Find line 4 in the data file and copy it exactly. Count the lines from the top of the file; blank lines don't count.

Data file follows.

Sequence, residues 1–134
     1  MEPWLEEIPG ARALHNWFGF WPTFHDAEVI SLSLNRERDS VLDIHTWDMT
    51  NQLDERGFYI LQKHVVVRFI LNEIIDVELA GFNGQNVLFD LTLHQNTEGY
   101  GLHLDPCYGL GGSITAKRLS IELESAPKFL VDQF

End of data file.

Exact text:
   101  GLHLDPCYGL GGSITAKRLS IELESAPKFL VDQF